Deer Lodge Inmate found guilty of killing fellow prisoner

2012-11-16T01:15:00Z 2012-11-16T06:20:27Z Deer Lodge Inmate found guilty of killing fellow prisonerBy George Plaven of The Montana Standard Montana Standard
November 16, 2012 1:15 am  • 

DEER LODGE – A Montana State Prison inmate was found guilty Thursday of murdering a fellow prisoner following a three-day trial at the Powell County Courthouse in Deer Lodge.

Shaun Duncan Morrison, 30, could spend the rest of his life in prison after a 12-person jury found that he killed 53-year-old Julio Santiago Jr. with a weapon fashioned out of two razor blades tied to a pen.

The jury returned its verdict after two hours, ultimately convicting Morrison of felonies deliberate homicide committed with a deadly weapon and possession of a deadly weapon by a prisoner. A motion to dismiss the possession charge was previously rejected Wednesday.

Morrison attacked Santiago in his prison cell the evening of Sept. 4, 2011, over a pair of stolen earphones. The bloody assault included punching, choking and cutting Santiago’s face and neck.

Morrison never testified, never spoke and showed little emotion during the trial. He remains at the prison, where he now faces a maximum life sentence. The state is not pursuing the death penalty.

The defense attempted to argue that Morrison’s troubling past, coupled with the nature of prison culture, led to extreme emotional and mental stress under the circumstances. But jurors rejected the notion that his stress was a mitigating circumstance in the killing.

Dr. Bowman Smelko, licensed psychologist, testified about Morrison’s “chaotic” upbringing and history of mental illness. Morrison grew up socially underdeveloped, Smelko said, and struggled with processing and expressing emotions.

As a child, Morrison killed family pets and acted aggressively toward others, Smelko said. In another instance, he once set fire to the mattress where his father slept.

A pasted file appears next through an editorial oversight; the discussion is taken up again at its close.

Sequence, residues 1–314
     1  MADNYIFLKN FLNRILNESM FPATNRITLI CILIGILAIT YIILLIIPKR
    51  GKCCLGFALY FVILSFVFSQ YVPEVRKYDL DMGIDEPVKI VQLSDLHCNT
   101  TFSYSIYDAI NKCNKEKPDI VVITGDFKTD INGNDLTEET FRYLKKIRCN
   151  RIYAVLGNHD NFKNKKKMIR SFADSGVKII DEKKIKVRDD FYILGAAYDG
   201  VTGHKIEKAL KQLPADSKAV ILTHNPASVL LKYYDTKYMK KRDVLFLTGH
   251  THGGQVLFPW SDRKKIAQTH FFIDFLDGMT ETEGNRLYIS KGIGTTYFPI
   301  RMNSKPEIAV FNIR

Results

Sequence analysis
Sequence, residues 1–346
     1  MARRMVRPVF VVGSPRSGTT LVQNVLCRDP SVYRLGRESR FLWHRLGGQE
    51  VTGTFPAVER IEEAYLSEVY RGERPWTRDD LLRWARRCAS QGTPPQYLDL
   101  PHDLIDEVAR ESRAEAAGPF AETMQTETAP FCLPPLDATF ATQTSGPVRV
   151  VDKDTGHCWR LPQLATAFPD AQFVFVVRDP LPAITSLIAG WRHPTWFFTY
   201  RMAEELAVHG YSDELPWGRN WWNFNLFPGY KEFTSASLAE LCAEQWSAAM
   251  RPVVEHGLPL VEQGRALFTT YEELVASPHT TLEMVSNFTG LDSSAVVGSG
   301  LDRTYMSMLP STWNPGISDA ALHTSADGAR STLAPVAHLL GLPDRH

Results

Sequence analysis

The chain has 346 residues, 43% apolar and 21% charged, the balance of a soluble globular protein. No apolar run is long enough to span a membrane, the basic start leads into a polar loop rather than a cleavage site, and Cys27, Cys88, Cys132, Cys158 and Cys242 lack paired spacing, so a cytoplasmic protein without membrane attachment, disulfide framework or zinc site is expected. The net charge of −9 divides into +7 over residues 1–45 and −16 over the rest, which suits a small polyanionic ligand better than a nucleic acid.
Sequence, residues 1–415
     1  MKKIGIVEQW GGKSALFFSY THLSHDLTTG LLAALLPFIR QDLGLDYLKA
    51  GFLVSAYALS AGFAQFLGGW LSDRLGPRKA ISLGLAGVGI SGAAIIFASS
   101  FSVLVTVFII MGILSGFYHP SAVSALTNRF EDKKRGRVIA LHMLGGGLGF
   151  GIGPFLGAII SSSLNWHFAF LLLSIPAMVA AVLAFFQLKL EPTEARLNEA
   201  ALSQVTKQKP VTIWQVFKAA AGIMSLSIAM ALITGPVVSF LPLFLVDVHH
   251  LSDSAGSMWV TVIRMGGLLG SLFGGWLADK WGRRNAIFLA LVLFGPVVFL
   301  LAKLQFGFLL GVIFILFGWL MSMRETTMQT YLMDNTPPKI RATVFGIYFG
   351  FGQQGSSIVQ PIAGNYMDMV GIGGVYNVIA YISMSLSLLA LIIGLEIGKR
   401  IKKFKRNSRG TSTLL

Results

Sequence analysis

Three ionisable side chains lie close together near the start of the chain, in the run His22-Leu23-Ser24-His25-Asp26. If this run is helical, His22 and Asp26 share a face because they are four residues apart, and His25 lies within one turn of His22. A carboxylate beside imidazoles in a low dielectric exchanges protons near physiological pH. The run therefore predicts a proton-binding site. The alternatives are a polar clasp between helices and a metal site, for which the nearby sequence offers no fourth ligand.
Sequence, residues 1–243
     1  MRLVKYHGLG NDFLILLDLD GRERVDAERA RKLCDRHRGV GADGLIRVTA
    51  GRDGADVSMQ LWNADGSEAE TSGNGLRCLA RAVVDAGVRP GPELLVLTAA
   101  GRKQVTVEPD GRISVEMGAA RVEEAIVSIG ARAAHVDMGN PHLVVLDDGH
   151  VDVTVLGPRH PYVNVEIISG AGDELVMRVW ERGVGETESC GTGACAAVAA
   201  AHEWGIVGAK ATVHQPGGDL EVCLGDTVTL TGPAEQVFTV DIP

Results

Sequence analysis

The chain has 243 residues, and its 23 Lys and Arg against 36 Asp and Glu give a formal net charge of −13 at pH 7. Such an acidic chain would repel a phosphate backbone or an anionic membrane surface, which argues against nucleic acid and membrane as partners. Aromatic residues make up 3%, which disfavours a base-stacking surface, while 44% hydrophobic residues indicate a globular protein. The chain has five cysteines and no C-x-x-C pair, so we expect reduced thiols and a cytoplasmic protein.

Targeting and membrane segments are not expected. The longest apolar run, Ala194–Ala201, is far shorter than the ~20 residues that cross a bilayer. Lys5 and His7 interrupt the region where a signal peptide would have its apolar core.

Morrison has been hospitalized a number of times over the years to try and gain a handle on his self-destructive, compulsive behaviors. Diagnoses have ranged from severe depression to personality and conduct disorders.

When Morrison gets an idea in his head, “It sticks there until he takes care of it the best way he knows how,” Smelko said.

Another expert witness, James Aiken, whose extensive background in corrections spans more than 40 years, testified on the culture and conditions of prison life.

Both inmates and officers are constantly assessing their level of safety in prison, Aiken said. Especially for Morrison, who had recently transferred to Close Unit I from the more restrictive maximum security custody, the new freedoms and inmates likely heightened his anxiety.

In addition, inmates treasure their possessions as their only link to an environment that’s halfway civil, Aiken said. A theft is interpreted as disrespect, and prisoners feel like they need to handle their own business without snitching to the guards.

“Once you become weak, you become vulnerable,” he said. “You’re like a wounded deer in the forest. And the wolves will surround you.”

While Aiken said he does not condone Morrison’s behavior, he added it is understandable. Morrison’s attorney, public defender Tom Bartleson, told the jury this evidence taken all together clearly shows Morrison was in a strange mental and emotional state.

The prosecution, however, countered that convicts are not immune to society’s laws in prison, and urged the jury not to abandon reason in its deliberation.

Their evidence included a recorded interview between Morrison and criminal investigator Jeff Crowe, in which Morrison calmly detailed how and why he killed Santiago. An hour-long security video matched that sequence of events.

County Attorney Lewis Smith also presented the blood-stained clothing Morrison wore the evening of the incident, including a sweatshirt, pants and shoes.

Dr. Gary Dale, state medical examiner, ruled Santiago died from a combination of homicidal violence. His testimony detailed graphic injuries which appeared consistent with the weapon Morrison made and concealed just prior to confronting Santiago over the earphones.

Upon the jury’s verdict, Smith told The Montana Standard he was pleased with the outcome.

“The jurors considered everything very carefully,” Smith said. “I feel glad for (Santiago), that he has now received justice. I do feel for his family.”

Butte District Judge Brad Newman, presiding in place of Judge Ray Dayton, ordered a presentence investigation before setting the date for sentencing.

Santiago’s death was the first murder at the prison in 16 years.

— Reporter George Plaven may be reached at 496-5597, or via email at Follow him at

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